There is more than one way to skin an onion and this take on film processing is a good example. Kodak's HC-110 is a very versatile liquid developer that gives excellent results with many films and is known for long shelf life. It works well in small tanks and in rotary systems. It was my standard developer for many years and although I no longer use it regularly I still recommend it to anyone looking for a good all-rounder.
The approach described below is one where different contrast ranges are achieved by using developer dilution as the variable, instead of the usual change in time. Here time, temperature and agitation are kept at a constant. I didn't create this but I have used this myself, probably because I enjoy the way it gets me thinking about film development controls in a new way.
What follows is transcribed from The Handbook for Contemporary Photography, 4th Edition by Arnold Gassan. 1977. Arnold was a professor of mine at Ohio University and I don't think he would mind me sharing this. I think it interesting and still useful.
Contrast Control through Developer Dilution
Another way of controlling contrast...is through varying the dilution of the developer. This is a very useful control with some of the liquid concentrate stock solutions, and of these Kodak HC-110 developer offers exceptional qualities.
Contrast control through developer dilution uses the high energy HC-110 with its almost unique ability to provide very clean separations of shadow densities and also offer linear separations of all equal exposures into the high densities, even though diluted to a very great degree.
The effects of varying developer dilution for HC-110 and Tri-X rather than developing time can be seen by examining figure 4-31.
These curves show the equal separation in the shadows and also the contrast variations possible by merely varying the concentration of the HC-110 while keeping time, temperature and agitation constant.
The advantage of this system is that a widely distributed, very stable, highly concentrated commercially available developer of known quality is used only at a standard time-- one which is physically long enough to avoid problems inherent in short developing time. The concentrated syrup can be measured accurately with pipettes, or this simple two step dilution schedule can be employed:
Make a working stock of 1 part developer and 9 parts water.
Do not mix more than what will be used in a few days.
Distilled water is recommended.
From there dilute the working stock in dilutions as follows to make dilutions of approximately:
*Total=450 ml for a two reel tank.
In my own approach to HC-110 I have always skipped the stock solution step and mixed my developer directly from the syrup. I also abandon Kodak's letter system (dilution A, B, C etc) and use a ratio that is easy for me to remember and to mix. I used that with this system and when I use HC-110 in the more conventional way.
Gassan provides some recommended dilutions for a variety of films, but keep in mind a few things:
- These dilutions are from the 1:9 stock solution to approximate dilutions from the syrup (ratios in the left hand column).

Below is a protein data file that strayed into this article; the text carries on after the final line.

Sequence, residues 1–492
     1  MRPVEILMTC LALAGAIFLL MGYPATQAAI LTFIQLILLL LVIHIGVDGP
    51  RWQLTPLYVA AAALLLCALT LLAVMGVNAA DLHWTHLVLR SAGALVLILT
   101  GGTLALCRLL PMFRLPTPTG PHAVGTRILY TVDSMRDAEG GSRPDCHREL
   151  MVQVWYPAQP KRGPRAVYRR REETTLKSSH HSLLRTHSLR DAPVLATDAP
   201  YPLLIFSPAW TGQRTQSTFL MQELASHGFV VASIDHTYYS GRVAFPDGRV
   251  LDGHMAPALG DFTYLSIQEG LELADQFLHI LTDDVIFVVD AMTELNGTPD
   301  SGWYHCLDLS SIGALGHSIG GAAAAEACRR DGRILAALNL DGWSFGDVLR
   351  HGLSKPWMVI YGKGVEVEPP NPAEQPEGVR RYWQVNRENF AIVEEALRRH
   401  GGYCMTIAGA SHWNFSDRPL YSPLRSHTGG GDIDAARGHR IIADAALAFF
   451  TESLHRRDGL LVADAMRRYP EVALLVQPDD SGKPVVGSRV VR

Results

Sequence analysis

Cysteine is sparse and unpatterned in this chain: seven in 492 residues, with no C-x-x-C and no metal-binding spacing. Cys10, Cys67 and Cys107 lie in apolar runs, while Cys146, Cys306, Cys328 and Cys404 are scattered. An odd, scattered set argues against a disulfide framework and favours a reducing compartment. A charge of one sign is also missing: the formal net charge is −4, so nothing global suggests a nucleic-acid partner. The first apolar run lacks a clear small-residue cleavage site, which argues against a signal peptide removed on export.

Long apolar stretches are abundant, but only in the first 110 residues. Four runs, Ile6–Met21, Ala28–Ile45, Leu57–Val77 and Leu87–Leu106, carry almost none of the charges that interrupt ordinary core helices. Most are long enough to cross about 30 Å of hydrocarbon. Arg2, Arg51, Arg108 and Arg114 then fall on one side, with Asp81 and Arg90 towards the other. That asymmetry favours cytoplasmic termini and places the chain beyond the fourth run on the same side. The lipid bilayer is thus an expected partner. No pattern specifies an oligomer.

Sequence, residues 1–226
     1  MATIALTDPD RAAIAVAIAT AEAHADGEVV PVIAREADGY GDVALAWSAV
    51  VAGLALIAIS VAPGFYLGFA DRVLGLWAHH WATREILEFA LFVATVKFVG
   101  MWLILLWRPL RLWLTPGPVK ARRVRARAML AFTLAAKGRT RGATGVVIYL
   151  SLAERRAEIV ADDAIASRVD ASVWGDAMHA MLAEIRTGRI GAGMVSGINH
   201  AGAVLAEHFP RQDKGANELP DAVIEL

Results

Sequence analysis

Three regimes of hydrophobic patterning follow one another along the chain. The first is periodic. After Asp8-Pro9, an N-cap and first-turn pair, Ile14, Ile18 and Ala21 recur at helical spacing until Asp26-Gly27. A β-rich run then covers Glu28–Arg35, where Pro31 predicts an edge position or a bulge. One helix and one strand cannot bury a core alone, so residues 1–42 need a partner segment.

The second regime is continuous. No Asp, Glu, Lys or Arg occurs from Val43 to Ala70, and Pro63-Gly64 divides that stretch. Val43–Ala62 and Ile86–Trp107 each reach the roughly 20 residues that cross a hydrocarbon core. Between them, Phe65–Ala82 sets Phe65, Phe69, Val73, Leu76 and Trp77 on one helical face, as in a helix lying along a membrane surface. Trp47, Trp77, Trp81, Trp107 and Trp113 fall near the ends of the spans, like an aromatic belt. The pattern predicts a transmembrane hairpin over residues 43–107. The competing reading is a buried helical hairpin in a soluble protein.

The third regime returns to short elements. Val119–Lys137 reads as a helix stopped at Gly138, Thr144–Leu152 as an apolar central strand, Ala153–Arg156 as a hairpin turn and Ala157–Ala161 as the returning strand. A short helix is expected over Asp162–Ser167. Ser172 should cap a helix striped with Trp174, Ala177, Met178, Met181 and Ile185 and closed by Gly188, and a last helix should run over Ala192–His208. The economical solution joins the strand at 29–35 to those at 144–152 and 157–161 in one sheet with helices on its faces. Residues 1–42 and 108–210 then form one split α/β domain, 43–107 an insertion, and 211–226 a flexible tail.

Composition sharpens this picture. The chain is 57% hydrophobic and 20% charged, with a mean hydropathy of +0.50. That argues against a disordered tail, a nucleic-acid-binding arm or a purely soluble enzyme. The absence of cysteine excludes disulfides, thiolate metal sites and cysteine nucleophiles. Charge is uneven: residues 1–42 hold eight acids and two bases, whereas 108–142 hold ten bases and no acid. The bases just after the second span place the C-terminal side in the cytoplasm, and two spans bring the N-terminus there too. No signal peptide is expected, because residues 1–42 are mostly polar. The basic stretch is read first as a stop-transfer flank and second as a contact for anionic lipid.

- This data is from 1977 and films have changed
- He finds that a "decade change of dilution e.g. a change of 1:50 to 1:60 approximates a paper contrast grade". (for Kodak films, see below)
- The system works for Ilford films as well, but that they exhibit greater sensitivity to developer strength variations.
- There is almost no loss of shadow detail with this developer, even at the extreme dilutions.
All film is developed in HC-110 at 21C / 70F for five minutes with standard agitation.
"N" meaning Normal contrast in zone system terminology
Gassan based these dilutions on a goal of developing a highlight density [zone VIII], to a density of 1.15 above FB+F.
He concludes with this insight into his approach to 35mm photography:
The whole purpose of this control system is to produce high quality, low density negatives that will print easily and well, rather than to "push" film. High energy developers produce high densities under extreme low light levels. And they also produce negatives that are more graphic and less tonal -- that are not so much translations of colors into the grey scale of the photographs as they are graphic simplifications of the world.
The sense of graininess in 35mm is affected by exposure far more than most photogaphers are willing to admit. A correctly exposed minimum density negative is "filmy"; this means that the page of a book can be read easily while looking trough the negative. The least overexposure will mar otherwise excellent negatives that would enlarge well and have maximum resolution of detail. Two stops overexposure will enlarge the grain so much that the maximum degree of enlargement with out obvious grain is about 6 diameters.
I've no doubt that many of his former students remember him saying "make a negative that prints easily and well..."
I've used this system myself and found that it worked quite well with Ilford HP-5. My "normal" was 1:55 for 5 minutes at 70˚F. That was over 20 years ago, so please take that, and all of this as starting point for your own testing.